What is Asthma?
The asthma is a disease characterized by inflammation more or less of the respiratory tract, in the bronchi and small bronchi, bronchioles (see diagram). It results in difficulty breathing, shortness of breath, wheezing, or tightness in the chest.
Asthma is a chronic disease most often manifested by crises interspersed with periods when breathing is normal. In some people, however, asthma induces permanent respiratory discomfort interfering with daily activities.
The asthma attack
The asthma attack is the sudden worsening of symptoms. In many people, asthma is manifested by occasional seizures, breathing is normal outside of seizures.
An asthma attack often begins with a dry cough, followed by difficulty breathing, which causes a clearly audible wheeze. It is usually accompanied by mucus sputum (coughing and spitting).
During a seizure, the opening of the bronchi is reduced because of an important inflammatory reaction and a contraction of the bronchial wall muscles.
Seizures can be effectively relieved by medications. However, they are potentially dangerous, especially in fragile people (elderly people, suffering from a respiratory infection, etc.).
The causes of asthma are not well known, even though we know that there are both genetic and environmental risk factors.
Inflammation of the airways results in the production of thick mucus inside the bronchi, which hinders the flow of air. At the same time, the muscles around the bronchi contract, causing the “closing” of the bronchi (bronchospasm). This causes respiratory discomfort.
The asthma is associated with respiratory allergies in 80% of cases, but it is not always of allergic origin. In people with asthma, there is excessive sensitivity of the bronchi ( hyperreactivity ) to one or more substances.
The following factors may help trigger an asthma attack or worsen respiratory distress, but they are not the cause of asthma.
- Aerial allergens (dust, pollen, animal hair, mites).
- Air pollutants (workplace irritants, wood-fired smoke, exhaust fumes, air pollution, etc.).
- Tobacco smoke.
- Food (food allergies ) or food additives, such as sulfites.
- Some drugs (aspirin and other nonsteroidal anti-inflammatory drugs, beta-blockers).
- Respiratory tract infections (colds, bronchitis, sinusitis, etc.), as they cause local inflammation.
- Physical exercise, especially if it is done outdoors in winter, in cold and dry weather.
- Strong emotions (laughs, tears, anger, excitement), especially in children.
Symptoms of asthma
The symptoms may be intermittent or persistent. They may appear after physical exercise or other triggering factors and are usually more pronounced at night and early in the morning.
- Difficulty breathing or shortness of breath (dyspnea)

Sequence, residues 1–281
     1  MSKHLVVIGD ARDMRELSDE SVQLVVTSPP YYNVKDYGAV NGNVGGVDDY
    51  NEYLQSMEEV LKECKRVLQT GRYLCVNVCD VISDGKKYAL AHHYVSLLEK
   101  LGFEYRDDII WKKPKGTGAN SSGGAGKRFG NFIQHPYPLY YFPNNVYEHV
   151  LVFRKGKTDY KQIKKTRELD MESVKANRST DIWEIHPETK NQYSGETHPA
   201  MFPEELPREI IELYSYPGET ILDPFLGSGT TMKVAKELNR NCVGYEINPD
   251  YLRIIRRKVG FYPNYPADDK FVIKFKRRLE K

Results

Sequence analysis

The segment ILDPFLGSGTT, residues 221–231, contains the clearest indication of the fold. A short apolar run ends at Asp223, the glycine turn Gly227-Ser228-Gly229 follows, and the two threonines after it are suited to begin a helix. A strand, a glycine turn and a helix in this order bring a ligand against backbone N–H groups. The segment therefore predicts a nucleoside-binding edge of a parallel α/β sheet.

- A feeling of tightness, chest tightness
- A dry cough
Note. For some people, asthma only results in a persistent cough that often appears at bedtime or after physical exertion.
Treatment of asthma
The asthma is often a chronic condition that requires regular treatment, even between attacks. The medications to control asthma do not provide a permanent cure. They facilitate breathing by increasing bronchial opening (bronchodilatation) and reducing inflammation. Most of them are taken by inhalation, which allows them to act quickly, with the least possible side effects. The doctor also tries to give the smallest dose of medication for symptom control with the best tolerance of treatment.
Yet, despite effective treatments, 6 out of 10 people with asthma can not control their symptoms. The main causes are a poor understanding of the disease, fear of side effects and forgetting medicines. However, the side effects of inhalation treatments are minimal compared to the risks associated with severe and frequent asthma attacks.
The goal of asthma treatment is to maintain optimal control of asthma.
This control must be done by minimizing the secondary effects of treatment with the objective of reducing the number of crises and emergency procedures. By optimizing the respiratory function, it also improves the quality of life. The treatment of the asthma attack varies according to the severity of the crisis.
The beta 2 agonists alone are used in cases of mild or crisis prevention, through exposure to an allergen (weekend in the country, for example).
The use of inhaled corticosteroids for short courses is reserved for more severe attacks.
Long oral corticosteroids may be needed in severe asthmatics.
The medication must be accompanied by lifestyle changes, the fight against mites, smoking cessation, limitation of passive smoking.
Long-term treatment is offered when seizures occur repeatedly (more than one diurnal attack per week or more than two nocturnal attacks) or when respiratory function is reached outside periods of crisis. In this case, treatment with inhaled corticosteroids at low dose may be proposed associated with a mimetic beta 2 in case of crisis. Long-acting beta 2 mimetics and montelukast or omalizumab may be helpful in the most severe cases.
The treatment of excellence for allergic asthma is based on the removal of the allergen. This measure is difficult to implement when the allergen in question is a pneumallergene since it is everywhere in the atmosphere.
The doctor may propose desensitization, which consists of giving small amounts of increasing allergens over time, this desensitization being done weekly over a period of 3 to 5 years.
In occupational asthma, the employee must be reclassified.